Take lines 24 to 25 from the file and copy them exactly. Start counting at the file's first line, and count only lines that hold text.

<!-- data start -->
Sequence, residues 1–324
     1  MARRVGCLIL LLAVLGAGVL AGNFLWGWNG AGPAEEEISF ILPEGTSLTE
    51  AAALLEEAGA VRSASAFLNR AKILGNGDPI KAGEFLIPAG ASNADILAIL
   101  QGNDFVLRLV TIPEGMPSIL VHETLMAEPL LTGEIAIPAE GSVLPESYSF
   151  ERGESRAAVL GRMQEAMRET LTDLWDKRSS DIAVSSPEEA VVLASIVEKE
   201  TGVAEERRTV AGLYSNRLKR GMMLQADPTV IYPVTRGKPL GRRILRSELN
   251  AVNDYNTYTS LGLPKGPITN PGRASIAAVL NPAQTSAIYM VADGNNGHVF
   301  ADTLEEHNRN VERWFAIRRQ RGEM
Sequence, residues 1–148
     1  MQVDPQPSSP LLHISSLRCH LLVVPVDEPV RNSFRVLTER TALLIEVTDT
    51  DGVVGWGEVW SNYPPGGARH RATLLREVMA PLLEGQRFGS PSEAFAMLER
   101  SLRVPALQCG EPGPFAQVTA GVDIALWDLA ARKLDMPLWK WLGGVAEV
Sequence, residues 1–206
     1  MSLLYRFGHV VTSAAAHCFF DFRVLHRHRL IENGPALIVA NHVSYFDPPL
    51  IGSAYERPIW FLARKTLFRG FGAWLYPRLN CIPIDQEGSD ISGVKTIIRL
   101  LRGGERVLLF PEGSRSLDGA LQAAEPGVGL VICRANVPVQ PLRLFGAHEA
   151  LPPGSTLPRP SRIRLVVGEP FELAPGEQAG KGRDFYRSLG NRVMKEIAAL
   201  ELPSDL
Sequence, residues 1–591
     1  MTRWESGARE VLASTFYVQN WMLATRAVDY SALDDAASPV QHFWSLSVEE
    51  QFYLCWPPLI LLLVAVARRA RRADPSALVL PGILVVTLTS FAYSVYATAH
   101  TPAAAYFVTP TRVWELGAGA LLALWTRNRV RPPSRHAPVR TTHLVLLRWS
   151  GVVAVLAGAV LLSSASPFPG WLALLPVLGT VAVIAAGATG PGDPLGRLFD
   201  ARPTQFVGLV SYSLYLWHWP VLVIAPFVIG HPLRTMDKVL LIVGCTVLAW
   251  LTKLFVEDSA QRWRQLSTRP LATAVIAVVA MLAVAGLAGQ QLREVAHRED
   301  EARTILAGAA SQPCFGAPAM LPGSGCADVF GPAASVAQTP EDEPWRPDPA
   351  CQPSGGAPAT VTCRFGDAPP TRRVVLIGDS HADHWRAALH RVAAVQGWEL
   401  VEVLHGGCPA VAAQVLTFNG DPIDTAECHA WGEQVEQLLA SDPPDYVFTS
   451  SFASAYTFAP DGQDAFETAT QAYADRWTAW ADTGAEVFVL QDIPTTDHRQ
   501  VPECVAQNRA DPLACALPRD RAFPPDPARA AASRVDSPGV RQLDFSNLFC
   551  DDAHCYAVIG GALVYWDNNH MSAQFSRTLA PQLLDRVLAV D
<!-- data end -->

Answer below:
   201  ARPTQFVGLV SYSLYLWHWP VLVIAPFVIG HPLRTMDKVL LIVGCTVLAW
   251  LTKLFVEDSA QRWRQLSTRP LATAVIAVVA MLAVAGLAGQ QLREVAHRED